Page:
For further information concerning these methods of analysis, and for an account of numerous valuable experiments, see Dr. Angus Smith's work already quoted.
SECTION IV.MICROSCOPICAL EXAMINATION.
Suspended matters contained in the air may be collected by drawing the air through distilled water by means of an aspirator, by washing the air in distilled water, or by employing an instrument called an aeroscope. When either of the first two processes is employed, the suspended matters are merely allowed to subside, and are then removed to a glass slip for examination. The aeroscope invented by Pouchet consists of a funnel-shaped tube, ending in a fine point, beneath which is placed a slip of glass moistened with glycerine. . Both glass and tube are enclosed in an air-tight chamber, which is connected by tubing with an aspirator, so that when the stopcock of the aspirator is turned, and the water allowed to escape, the air is drawn through the tube, and impinges against the slip of glass moistened with glycerine, by which the suspended matters are arrested.
SECTION V.-EXAMINATION AS REGARDS TEMPERATURE AND MOISTURE.
1. Temperature.-The various points connected with the temperature of the contained air, such as its equability, sufficiency, etc., are readily ascertained by a judicious distribution of thermometers throughout the space to be examined, and by comparing the outside with the inside temperature. The efficiency of the heating apparatus is of course best tested during very cold weather and in the night time. When open fire-places are used the temperature should be noted at the remote parts of
the room, and if the air is heated before entering, it is advisable to take the temperature at the point of delivery, and to ascertain whether it is well diffused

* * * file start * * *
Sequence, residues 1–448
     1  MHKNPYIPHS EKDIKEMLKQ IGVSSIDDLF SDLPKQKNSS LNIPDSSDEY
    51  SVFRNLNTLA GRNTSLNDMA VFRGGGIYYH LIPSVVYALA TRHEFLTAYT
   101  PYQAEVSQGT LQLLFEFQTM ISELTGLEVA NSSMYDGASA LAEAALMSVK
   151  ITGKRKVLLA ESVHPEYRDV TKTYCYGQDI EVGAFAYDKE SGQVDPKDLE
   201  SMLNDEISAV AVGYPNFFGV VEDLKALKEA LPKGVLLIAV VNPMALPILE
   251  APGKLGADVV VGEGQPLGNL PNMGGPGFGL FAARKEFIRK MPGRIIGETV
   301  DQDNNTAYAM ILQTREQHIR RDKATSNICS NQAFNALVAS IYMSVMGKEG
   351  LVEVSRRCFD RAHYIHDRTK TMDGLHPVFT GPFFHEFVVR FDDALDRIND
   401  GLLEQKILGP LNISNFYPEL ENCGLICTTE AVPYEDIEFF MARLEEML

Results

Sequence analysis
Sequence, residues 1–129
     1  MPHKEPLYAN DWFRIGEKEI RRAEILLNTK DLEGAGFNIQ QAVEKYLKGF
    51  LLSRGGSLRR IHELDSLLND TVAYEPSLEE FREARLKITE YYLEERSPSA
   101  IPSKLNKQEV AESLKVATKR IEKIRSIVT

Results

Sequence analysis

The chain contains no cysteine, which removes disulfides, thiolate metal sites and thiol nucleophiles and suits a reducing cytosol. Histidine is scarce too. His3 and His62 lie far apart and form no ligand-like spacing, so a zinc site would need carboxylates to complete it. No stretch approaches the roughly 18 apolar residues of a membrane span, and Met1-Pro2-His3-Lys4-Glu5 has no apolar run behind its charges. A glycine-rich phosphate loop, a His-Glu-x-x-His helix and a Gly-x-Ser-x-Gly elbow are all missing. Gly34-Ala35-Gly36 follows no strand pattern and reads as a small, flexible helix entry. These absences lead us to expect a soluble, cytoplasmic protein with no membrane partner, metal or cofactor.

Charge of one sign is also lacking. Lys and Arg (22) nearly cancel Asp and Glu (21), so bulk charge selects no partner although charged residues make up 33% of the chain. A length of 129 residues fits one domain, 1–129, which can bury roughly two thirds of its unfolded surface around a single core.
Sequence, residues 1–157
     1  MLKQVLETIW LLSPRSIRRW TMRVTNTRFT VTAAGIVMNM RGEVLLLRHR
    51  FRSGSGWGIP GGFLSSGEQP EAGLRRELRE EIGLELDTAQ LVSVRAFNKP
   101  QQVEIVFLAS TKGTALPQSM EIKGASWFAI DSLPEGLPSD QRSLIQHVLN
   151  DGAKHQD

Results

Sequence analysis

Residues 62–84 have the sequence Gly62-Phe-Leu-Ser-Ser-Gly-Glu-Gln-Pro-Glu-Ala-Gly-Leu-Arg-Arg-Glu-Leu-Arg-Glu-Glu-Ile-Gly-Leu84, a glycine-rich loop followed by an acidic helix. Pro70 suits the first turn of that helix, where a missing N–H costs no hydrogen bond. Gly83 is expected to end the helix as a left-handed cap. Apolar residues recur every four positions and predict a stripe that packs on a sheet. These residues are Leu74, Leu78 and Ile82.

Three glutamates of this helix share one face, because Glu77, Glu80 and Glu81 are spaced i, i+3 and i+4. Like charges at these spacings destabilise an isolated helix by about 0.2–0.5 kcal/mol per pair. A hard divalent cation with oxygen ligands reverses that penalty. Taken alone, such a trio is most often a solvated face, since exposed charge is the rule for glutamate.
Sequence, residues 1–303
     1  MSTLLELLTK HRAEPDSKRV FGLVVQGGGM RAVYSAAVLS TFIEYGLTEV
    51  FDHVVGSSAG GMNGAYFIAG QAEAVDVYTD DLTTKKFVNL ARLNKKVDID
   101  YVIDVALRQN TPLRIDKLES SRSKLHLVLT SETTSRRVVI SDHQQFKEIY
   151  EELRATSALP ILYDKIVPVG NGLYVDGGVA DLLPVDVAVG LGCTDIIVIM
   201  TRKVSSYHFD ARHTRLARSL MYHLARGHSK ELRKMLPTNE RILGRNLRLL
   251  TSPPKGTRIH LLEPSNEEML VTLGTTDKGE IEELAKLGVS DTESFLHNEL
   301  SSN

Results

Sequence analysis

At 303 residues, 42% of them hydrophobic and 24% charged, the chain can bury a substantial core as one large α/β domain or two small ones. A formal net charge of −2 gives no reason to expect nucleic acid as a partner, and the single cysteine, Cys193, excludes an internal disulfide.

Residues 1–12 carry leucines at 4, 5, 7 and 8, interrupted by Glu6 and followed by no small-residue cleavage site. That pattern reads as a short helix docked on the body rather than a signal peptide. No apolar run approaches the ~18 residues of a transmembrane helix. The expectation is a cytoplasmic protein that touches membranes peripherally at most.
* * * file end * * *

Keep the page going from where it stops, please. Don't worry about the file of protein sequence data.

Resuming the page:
2. Moisture. The amount of watery vapour, or the hygrometricity of the contained air, may be determined by hair hygrometers, or by wet and dry bulb thermometers. The latter are the most convenient and reliable, but they should be distributed some two or three hours before the observations are made. The wet bulb is covered with muslin, over which there is twisted a small skein of cotton, which dips into a little vessel containing either distilled or rain water. The cotton should be boiled in ether, or soaked in a solution of sodium carbonate, to free it from fat, so that the water may readily ascend by the force of capillary attraction.
Unless the air is saturated with moisture, the temperature of the wet bulb is always below the temperature of the dry, and the number of degrees of difference between them varies according to the amount of watery vapour present. This is generally represented in relative terms. For example, the point of complete saturation being assumed to be 100, any degree of dryness may be stated as a percentage of this, and can be conveniently ascertained by reference to the following table, which has been calculated from Mr. Glaisher's large tables (see Parkes' Manual of Practical Hygiene). table is read by taking the temperature of the dry bulb, and the difference between it and that of the wet bulb, and noting the number given at the intersection of the two columns. This number gives the relative humidity.